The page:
Clearly these are questions of values as much as they are of medicine. Disaster planners are increasingly realizing that the larger community must be involved in answering them — as an example, in 2012 the Institute of Medicine released extensive community planning guidance for engaging the public in the development of crisis standards of care. Some existing protocols even call for removing patients from ventilators if they do not improve after a certain trial period when ventilators are in extremely short supply. But there hasn’t been much research on this. Based on data from recent flu seasons, a few small studies have found that most patients who would have been assigned a lower triage priority if the protocols had been implemented actually recovered and survived when they received full treatment. In other words, there was slim if any evidence that the traumatic prospect of taking away ventilators or other resources from patients with a lower triage priority actually would have saved more lives.
Sometimes the most important aspect of triage is remaining alert to the possibility that rationing won’t be necessary, or can be minimized — doing everything possible to avoid the need to make such wrenching decisions. In the end, it was improvisation that made the biggest difference at Bellevue after the generator fuel pumps failed. Volunteers, soon replaced by National Guard soldiers, formed a chain and hand-carried fuel up 13 flights of stairs to feed the generators manually until everyone could be transferred out of the hospital. Swift thinking prevented the backup power from failing. It prevented those horrible choices from having to be made. Evans’ patients were all maintained on backup power until they were transferred to other hospitals.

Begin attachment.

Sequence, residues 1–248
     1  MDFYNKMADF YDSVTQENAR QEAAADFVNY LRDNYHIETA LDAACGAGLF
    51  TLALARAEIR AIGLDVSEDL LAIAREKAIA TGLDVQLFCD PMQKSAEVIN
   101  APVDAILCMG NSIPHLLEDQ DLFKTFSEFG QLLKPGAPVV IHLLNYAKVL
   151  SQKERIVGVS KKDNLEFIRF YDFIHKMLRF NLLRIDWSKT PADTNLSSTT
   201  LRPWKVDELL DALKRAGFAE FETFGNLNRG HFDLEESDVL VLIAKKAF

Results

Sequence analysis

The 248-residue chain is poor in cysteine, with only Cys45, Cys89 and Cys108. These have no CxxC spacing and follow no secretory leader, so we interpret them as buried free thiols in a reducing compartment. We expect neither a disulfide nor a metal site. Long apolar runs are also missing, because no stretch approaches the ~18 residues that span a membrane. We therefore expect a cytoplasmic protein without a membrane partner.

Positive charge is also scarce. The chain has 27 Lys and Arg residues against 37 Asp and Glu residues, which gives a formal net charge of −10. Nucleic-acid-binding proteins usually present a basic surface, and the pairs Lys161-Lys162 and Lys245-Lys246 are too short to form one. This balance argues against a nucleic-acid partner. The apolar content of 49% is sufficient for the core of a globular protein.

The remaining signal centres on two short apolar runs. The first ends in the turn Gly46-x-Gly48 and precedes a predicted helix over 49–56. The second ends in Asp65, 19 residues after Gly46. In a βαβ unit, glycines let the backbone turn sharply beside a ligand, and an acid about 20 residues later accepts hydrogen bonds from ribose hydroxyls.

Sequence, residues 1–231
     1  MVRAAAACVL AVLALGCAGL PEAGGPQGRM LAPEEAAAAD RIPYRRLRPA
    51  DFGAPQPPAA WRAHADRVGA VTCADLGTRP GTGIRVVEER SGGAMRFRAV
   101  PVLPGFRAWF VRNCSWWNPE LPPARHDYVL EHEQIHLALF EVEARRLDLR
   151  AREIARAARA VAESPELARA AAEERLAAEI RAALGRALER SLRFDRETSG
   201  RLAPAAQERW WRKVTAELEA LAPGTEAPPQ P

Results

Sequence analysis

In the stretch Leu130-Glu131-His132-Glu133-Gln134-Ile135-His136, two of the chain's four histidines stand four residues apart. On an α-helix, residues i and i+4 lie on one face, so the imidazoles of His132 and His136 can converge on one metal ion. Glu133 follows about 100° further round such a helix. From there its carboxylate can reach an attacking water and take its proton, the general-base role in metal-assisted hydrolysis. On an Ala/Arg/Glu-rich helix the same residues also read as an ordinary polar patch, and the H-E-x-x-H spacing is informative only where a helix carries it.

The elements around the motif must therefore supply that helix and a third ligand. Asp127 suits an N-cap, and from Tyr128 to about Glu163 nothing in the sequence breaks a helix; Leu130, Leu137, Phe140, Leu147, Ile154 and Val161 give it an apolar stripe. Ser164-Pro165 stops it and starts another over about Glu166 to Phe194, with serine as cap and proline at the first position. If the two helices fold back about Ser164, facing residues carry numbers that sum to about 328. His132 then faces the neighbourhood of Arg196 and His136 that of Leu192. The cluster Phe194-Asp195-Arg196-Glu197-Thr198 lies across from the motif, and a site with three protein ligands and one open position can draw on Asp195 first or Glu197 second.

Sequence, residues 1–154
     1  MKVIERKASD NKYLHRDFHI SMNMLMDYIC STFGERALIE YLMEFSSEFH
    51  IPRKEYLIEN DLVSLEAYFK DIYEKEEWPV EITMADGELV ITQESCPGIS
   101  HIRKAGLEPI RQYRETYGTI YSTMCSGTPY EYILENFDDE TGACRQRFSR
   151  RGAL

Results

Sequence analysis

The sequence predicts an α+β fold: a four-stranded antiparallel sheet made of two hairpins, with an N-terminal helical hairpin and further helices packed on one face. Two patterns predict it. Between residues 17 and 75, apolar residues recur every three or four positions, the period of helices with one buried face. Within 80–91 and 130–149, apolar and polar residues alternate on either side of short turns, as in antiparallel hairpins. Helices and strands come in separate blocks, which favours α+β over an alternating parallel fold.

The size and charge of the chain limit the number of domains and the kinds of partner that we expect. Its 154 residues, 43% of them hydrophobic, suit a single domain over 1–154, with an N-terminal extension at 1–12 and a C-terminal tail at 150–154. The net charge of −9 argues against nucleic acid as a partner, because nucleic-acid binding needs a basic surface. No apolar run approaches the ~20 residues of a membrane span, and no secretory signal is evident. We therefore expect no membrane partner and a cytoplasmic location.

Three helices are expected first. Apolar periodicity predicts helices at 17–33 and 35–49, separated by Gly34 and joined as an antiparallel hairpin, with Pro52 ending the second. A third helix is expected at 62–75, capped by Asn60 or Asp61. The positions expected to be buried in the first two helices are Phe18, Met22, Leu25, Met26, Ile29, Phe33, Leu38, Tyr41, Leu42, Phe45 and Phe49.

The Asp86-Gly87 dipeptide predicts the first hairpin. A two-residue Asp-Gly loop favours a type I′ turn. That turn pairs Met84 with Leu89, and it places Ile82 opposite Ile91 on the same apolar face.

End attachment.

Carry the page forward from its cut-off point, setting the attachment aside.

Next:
Hours later, climbing one of Bellevue’s long staircases, I passed personnel in blue scrubs carrying a baby in a transport incubator down to a waiting ambulance. Other staff huffed and puffed up the steps with supplies. The smell of diesel wafted into patient corridors. The situation balanced just on the edge of control. Fortunately, dramatic scenes like this do not occur often. But being in New York for Sandy was a reminder that disasters can arise anywhere, at any time, and that they can change the lives of medical professionals, their patients and their families forever. Across the country many hospitals in flood zones have electrical backup power systems in their basements. Others, in earthquake zones, were constructed before modern building codes. Others are simply situated in tornado alley. We need to think more about the dilemmas we might face and how we can prevent or minimize them. It benefits everyone to prepare.
Sheri Fink, MD, PhD, a graduate of Stanford’s School of Medicine, won a 2010 Pulitzer Prize in Investigative Reporting for her story The Deadly Choices at Memorial (co-published by The New York Times and ProPublica) about decisions made by the medical staff of a New Orleans hospital in Hurricane Katrina’s aftermath. Her forthcoming book is Five Days at Memorial: Life and Death in a Storm-Ravaged Hospital (Crown, 2013).
An earlier version of this story appeared on ProPublica: “In Hurricane’s Wake, Decisions Not to Evacuate Hospitals Raise Questions,” Nov. 1, 2012.